Tuesday, July 14, 2009

"Do you want to BE your disease?"

My husband asked me this question recently. It's because I'm so forthcoming about my condition with everyone, even people I just met - or never met yet (online pals). It's a question that made me stop and think. Am I doing the right thing? Is this information going to alienate my new friends, or cause them to judge me in a negative manner?

I just like to share everything, so people don't guess or wonder about me. I realized that I am secretly hoping to preemptively give people the information that would explain any strangeness about me that I expect them to encounter, eventually. With an invisible disease like Fibromyalgia, I don't want people to think I'm fine because I don't look or act "sick" during their initial interactions with me - I may not be up to the next outing or whatever, and want to be upfront about that. I'm the kind of person who doesn't like those phony "let's get together sometime" un-vitations. We all know someone who confirms attendance at an event or party and then doesn't show. I HATE that. I am the kind of person who means what she says, and I don't want any false expectations. I figure that it's only fair to others if I let them know what's going on with me right away.

My husband's got his own invisible disease - Crohn's - so
I can certainly value his perspective on this. Perhaps he doesn't like to disclose his health problems to everyone he meets because of the embarrassing nature of the worst symptoms. Although I don't mind discussing my IBS at the dinner table, I can certainly understand not wanting to tell every stranger you meet that you sometimes have to make absolutely sure that a toilet is nearby. That's not a "nice" first impression. (And yes, I also notice that others aren't so happy to discuss my IBS, either - dinner table or not. Wimps! Heh.)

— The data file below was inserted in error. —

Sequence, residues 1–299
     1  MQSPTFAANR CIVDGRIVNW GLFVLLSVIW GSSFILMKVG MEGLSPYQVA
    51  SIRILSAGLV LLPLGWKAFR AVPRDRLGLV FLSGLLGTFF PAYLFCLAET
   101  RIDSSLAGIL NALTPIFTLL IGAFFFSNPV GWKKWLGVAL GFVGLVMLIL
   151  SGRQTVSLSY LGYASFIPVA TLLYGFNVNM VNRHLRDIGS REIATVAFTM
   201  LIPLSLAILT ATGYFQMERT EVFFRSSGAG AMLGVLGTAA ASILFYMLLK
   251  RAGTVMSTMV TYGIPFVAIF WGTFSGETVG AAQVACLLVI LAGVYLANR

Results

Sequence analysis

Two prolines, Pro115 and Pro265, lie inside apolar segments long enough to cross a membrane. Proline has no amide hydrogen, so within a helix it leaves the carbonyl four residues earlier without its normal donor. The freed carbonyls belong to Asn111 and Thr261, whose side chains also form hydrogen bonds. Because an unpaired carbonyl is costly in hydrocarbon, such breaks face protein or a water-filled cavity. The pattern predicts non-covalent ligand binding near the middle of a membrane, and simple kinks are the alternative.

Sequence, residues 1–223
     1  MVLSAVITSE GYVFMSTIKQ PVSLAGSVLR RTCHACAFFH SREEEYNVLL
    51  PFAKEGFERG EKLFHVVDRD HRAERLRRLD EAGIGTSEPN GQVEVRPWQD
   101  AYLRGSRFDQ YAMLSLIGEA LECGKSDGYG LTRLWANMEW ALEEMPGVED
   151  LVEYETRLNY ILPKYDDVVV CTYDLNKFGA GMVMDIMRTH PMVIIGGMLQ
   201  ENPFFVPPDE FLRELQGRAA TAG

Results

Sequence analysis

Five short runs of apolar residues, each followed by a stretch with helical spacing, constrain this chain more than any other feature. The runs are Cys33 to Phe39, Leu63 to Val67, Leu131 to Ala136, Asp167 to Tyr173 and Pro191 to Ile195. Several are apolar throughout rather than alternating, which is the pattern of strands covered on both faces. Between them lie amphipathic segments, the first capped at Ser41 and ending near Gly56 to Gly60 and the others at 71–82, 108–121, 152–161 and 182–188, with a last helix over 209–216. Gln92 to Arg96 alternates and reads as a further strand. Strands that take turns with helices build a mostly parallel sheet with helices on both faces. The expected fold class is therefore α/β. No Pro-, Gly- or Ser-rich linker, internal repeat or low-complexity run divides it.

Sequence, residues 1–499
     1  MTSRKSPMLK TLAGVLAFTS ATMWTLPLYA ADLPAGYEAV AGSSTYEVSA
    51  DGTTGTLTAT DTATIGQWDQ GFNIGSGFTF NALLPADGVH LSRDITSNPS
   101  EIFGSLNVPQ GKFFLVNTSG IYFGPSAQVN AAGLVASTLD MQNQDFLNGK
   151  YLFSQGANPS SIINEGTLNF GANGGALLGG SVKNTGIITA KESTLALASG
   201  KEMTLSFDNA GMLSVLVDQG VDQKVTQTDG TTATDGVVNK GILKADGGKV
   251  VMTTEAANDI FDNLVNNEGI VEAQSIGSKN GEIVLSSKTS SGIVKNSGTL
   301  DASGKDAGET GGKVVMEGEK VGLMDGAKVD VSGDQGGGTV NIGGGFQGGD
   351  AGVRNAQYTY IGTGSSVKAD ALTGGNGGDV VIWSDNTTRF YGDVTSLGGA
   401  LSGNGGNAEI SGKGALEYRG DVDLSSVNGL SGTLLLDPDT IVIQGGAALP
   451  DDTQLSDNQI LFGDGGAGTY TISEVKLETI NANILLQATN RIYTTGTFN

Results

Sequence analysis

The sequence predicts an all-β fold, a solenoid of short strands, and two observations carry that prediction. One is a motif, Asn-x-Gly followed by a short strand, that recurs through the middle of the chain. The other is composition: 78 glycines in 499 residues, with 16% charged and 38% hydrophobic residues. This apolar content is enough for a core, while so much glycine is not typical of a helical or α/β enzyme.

His symptoms also wax and wane, like mine do, so he also appears to "not look sick" to others when he's able to be social. However he's had his diagnosis for a lot longer than I've had mine, so he knows his triggers and cycles better than I know mine. (Color me jealous.)

I think there may also be a gender component to the differing ways we view this topic. As a male, I believe he doesn't like to introduce himself to the world as a sickly person, with vulnerabilities. It's just not masculine. As a female, I don't worry too much about appearing sickly, I guess, because I don't really believe that I need to appear so strong. I do have some self-respect, don't get me wrong, but I know that society doesn't expect me to be Hercules because I'm a chick. That means that I don't really see the big deal in letting everyone know that, well, I'm not Hercules - not by a long shot. Guys - yeah, I guess they might not care to remove the doubt so early on. I can understand that.

So, do I want to BE my disease? No, of course not. I don't want to celebrate it or love it. But I do like to be clear with people. I may seem okay today, but I'm in pain all the time, even when I'm smiling. It takes a lot of effort to make lemonade out of these lemons, but I'm doing it, for my own sake. I want people to know I'm making an effort to choose to interact with them. I am tired. I'm uncomfortable. And I'm in pain. Perhaps I could be napping right now, or resting up, or making progress on some important project or chores, but I'm writing this post today because I care about you, my dear readers.

I have Fibromyalgia. I'm also a person with varied interests. I'm hoping you will not judge me too harshly for telling you the truth about me, whether it's nice or not. I just know I'm not going to hide it like some skeleton in my closet. It's not my fault that I have this challenge - it just is. This is part of who I am.